Legislators Split Along Party Lines on Pence's Education Changes

Dec 5, 2014

Gov. Mike Pence this week proposed making the state superintendent a position chosen by the state board of education. It's currently a statewide elected position.
Credit State of Indiana

Legislative leaders are split along party lines in their evaluations of Governor Mike Pence’s proposed changes to the state’s education hierarchy.

Governor Pence will eliminate the controversial Center for Education and Career Innovation, or CECI, which has been a thorn in the side of state Superintendent Glenda Ritz since its creation two years ago. 

But Pence also wants the General Assembly to allow the State Board of Education – made up of Pence appointees – to elect its own chair, a position held by Ritz.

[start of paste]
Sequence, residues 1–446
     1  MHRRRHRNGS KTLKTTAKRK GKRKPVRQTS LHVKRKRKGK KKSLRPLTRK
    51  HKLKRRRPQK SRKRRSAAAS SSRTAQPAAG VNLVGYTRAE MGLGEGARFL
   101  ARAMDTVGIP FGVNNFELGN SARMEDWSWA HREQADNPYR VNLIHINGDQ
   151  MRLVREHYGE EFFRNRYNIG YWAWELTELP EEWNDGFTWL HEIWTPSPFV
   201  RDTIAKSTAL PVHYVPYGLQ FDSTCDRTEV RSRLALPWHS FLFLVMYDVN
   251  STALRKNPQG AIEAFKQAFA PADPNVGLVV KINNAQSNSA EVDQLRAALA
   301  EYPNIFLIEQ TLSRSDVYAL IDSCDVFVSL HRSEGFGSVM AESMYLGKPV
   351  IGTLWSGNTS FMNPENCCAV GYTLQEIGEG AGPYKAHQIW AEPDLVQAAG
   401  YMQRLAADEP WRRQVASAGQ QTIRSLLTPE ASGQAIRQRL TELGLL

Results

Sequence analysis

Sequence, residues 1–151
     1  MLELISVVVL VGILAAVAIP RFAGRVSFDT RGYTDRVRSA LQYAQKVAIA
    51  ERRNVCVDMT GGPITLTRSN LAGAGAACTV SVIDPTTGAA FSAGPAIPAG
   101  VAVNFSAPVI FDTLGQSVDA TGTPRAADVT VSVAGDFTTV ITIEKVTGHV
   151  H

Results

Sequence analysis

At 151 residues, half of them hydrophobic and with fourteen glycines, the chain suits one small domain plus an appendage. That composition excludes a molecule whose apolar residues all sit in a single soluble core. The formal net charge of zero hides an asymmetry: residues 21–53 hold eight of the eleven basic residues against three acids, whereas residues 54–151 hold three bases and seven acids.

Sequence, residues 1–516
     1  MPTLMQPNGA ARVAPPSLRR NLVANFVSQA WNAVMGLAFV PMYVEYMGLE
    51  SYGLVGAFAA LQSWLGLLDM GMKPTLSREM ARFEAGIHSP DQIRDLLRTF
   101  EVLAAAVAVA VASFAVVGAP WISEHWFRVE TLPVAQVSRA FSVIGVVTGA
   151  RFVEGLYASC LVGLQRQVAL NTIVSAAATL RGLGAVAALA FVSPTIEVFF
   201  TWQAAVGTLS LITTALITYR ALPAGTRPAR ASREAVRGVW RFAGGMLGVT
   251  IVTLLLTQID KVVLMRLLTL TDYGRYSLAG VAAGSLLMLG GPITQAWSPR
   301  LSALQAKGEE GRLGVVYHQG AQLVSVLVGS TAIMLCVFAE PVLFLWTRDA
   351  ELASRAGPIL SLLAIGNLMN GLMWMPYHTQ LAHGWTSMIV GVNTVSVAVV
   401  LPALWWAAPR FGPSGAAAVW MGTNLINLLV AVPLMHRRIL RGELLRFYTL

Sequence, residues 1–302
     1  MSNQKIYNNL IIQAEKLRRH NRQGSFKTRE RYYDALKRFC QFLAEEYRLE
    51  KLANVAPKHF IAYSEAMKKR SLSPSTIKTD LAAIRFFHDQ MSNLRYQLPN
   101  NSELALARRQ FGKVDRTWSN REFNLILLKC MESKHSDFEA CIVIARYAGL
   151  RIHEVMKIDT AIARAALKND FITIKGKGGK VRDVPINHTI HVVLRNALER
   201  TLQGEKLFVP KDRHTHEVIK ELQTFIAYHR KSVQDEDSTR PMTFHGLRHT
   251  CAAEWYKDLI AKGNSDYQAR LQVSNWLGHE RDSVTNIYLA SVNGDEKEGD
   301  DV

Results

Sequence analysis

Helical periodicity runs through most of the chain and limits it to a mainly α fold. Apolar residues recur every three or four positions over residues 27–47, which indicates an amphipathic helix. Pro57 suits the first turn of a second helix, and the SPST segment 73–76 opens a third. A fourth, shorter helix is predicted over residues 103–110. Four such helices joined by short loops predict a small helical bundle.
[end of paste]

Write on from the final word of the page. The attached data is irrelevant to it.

Buck Creek Republican Senator Brandt Hershman praised the proposals, noting the state model for education administration is the exact opposite of the local model.

“There is a different balance of power at the state level, and that different balance of power has created clashes,” Hershman said. “So this is a recognition that maybe the state model isn’t working quite the way…not as well as the local models are.”

House Minority Leader Scott Pelath says the ultimate outcome of Pence’s proposals is to strip Ritz of her power.

“They have this pesky lone Democrat that was elected,” Pelath said. “They didn’t expect it and now they have to do something about it and they’re grossly overreacting and they’re showing themselves, I think, to be extraordinarily paranoid and insecure.”

Pelath did praise the governor for his decision to eliminate CECI.